RE: NOSS 3-2 Payloads Maneuver Analysis

From: Ted Molczan (molczan@rogers.com)
Date: Mon Dec 15 2003 - 09:27:14 EST

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    The NOSS 3-2 duo appear to be manoeuvring more rapidly and deliberately to their
    planned orbits than the NOSS 3-1 did.
    
    During their first 8 days in orbit, both have made two easily detectable
    manoeuvres. NOSS 3-1 (C) manoeuvred for the first time about 9 days after
    launch; NOSS 3-1 (A), about 16 d after launch.
    
    Historically, new NOSS have adopted very nearly the same mean motion as
    previously launched NOSS still in their fully intact formations. These are the
    current examples:
    
    1 16623U 86014D   03341.19250594  .00000100  00000-0  86668-4 0    05
    2 16623  63.3942 349.8846 0502000   7.8985 352.1015 13.40412824    09
    
    1 20691U 90050C   03343.82972441  .00000030  00000-0  37357-4 0    07
    2 20691  63.4190 271.5431 0360000   1.0791 358.9209 13.40449209    05
    
    1 21799U 91076C   03341.69604567  .00000030  00000-0  40883-4 0    08
    2 21799  63.4200 163.5863 0314500   1.1019 358.8981 13.40449618    04
    
    1 23908U 96029C   03342.25833408  .00000020  00000-0  33500-4 0    03
    2 23908  63.4190  74.6642 0169000 357.4459   2.5541 13.40447217    09
    
    1 26907U 01040C   03342.24159773  .00000030  00000-0  53975-4 0    08
    2 26907  63.4360  11.5452 0065000 176.8885 183.1115 13.40434516    01
    
    Since the NOSS 3-2 mean motion now is about 13.4058 rev/d, their next manoeuvres
    may be to raise their altitude slightly, to move toward a mean motion near
    13.4044 rev/d.
    
    Still to be seen is whether or not they will manoeuvre to separate their planes.
    A couple of months after launch, the NOSS 3-1 manoeuvred to cause their planes
    to drift apart. One increased its inclination slightly; the other decreased it
    inclination. A few months later, their planar separation reached 0.2 deg, about
    the same as 2nd generation NOSS, at which point both manoeuvred to match
    inclination, thus halting the planar drift.
    
    Our initial orbits appear to show a small difference in inclination almost from
    the outset, but I am not yet confident that is real because the arcs between
    manoeuvres have been short.
    
    That the operational NOSS tend to maintain similar mean motions may mean that
    the constellation is synchronized to some degree. It might be interesting to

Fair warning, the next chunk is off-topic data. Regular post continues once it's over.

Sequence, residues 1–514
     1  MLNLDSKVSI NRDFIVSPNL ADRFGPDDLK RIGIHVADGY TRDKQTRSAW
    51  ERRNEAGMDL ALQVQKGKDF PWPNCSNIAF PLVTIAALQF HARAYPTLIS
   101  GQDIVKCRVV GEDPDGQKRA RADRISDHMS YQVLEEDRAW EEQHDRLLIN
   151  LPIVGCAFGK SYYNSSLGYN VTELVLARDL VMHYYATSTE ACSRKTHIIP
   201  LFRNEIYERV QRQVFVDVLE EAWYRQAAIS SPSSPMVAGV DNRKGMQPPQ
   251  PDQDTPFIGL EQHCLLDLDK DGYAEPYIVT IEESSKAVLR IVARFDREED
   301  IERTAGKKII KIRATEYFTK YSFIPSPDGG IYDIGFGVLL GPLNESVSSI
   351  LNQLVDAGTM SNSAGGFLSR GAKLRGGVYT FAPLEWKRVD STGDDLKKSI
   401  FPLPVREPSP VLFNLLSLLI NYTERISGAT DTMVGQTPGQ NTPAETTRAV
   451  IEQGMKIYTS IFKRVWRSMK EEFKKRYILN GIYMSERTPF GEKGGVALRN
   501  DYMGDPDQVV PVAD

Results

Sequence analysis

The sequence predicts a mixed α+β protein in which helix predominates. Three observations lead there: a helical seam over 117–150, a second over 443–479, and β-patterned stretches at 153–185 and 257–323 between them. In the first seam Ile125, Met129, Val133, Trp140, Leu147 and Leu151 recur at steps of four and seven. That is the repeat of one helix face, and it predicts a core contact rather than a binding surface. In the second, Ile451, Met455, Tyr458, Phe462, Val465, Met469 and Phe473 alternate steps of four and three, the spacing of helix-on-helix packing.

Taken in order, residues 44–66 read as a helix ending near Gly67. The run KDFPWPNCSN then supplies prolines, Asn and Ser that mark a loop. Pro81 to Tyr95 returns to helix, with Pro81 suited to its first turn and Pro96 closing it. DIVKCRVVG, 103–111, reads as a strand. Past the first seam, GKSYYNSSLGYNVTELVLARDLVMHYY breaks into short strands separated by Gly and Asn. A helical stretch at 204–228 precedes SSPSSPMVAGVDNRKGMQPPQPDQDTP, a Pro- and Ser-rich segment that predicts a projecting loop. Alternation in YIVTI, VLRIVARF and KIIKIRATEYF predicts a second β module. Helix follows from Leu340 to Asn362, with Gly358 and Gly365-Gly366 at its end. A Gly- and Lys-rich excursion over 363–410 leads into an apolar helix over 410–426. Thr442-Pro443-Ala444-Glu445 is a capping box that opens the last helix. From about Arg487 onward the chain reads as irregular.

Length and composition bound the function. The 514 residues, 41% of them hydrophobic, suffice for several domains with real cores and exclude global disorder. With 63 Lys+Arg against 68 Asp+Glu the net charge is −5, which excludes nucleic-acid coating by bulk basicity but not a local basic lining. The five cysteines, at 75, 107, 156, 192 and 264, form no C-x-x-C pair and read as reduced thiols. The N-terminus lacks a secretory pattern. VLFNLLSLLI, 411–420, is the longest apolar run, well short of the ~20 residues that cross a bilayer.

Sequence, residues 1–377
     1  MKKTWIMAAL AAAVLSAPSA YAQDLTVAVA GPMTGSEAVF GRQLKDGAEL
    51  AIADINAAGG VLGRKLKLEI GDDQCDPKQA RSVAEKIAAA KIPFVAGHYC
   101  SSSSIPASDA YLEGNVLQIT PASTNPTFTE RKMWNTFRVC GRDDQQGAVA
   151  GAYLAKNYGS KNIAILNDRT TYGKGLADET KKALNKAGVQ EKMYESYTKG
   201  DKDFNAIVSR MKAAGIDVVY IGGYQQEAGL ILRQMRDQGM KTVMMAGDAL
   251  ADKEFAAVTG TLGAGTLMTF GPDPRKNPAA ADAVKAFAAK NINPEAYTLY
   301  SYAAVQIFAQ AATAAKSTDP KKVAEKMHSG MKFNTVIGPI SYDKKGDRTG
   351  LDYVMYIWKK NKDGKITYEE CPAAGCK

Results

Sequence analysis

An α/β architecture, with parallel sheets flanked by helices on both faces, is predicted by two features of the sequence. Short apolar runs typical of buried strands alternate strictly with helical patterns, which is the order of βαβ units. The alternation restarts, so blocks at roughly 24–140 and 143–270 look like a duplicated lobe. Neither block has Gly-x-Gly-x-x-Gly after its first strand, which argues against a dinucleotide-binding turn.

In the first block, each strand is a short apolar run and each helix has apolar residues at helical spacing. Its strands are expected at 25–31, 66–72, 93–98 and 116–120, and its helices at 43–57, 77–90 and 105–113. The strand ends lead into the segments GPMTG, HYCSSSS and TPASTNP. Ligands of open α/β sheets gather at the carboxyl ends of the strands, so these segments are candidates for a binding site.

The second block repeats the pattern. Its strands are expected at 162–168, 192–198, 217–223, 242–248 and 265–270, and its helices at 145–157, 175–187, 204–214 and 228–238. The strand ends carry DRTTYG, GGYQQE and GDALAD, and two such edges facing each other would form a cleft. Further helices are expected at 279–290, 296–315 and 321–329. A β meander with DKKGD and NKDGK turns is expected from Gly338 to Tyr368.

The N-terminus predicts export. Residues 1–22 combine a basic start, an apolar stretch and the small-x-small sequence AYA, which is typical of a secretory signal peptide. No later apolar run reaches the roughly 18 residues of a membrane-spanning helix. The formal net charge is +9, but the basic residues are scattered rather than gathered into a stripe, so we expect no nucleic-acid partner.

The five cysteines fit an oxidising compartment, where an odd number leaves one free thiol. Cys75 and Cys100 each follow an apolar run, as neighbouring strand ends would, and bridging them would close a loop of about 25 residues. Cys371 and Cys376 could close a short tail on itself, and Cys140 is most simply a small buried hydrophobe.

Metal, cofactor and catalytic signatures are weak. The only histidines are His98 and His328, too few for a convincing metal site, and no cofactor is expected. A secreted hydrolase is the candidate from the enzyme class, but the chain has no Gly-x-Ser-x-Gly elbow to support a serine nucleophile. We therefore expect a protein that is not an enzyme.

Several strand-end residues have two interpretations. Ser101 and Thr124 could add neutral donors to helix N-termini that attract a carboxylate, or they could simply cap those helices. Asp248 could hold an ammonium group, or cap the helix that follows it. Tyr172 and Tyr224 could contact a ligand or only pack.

evaluate the long-term evolution of the relative time of ascending node passage
    of the intact and partially intact NOSS formations.
    
    Another question to be answered is their method of station-keeping. A
    significant clue may be that they do not maintain a fixed mean motion - they
    gradually decay, but still nearly match mean motion across all active
    triads/duos, and maintain their individual stable formations.
    
    Once in their operational orbits, NOSS seem never to make detectable manoeuvres
    (possibly I am forgetting a few, so a retrospective of their orbits would be
    worthwhile). 
    
    The 84012 and 86014 triads made several manoeuvres in recent years to maintain
    their formations and keep their mean motions close to those of other intact
    formations. In their cases, the perturbing effect of Earth's odd zonal harmonics
    had pushed their perigee heights low enough to create considerable drag, perhaps
    forcing the use of conventional thrusters.
    
    Perhaps when in their usual low-drag regimes, they rely on other means to remain
    together. Tethers can be safely ruled out - for at least the reason that we
    should have seen them. Ion engines and solar sails have been mentioned. 
    
    Could they alter their ballistic coefficient to even out small differences in
    their rate of decay?
    
    Perhaps their orbits possess some inherent stability, akin to the "frozen orbit"
    concept, used by Topex/Poseidon (92052A / (22076), and apparently the Lacrosses.
    
    Ted Molczan
    
    
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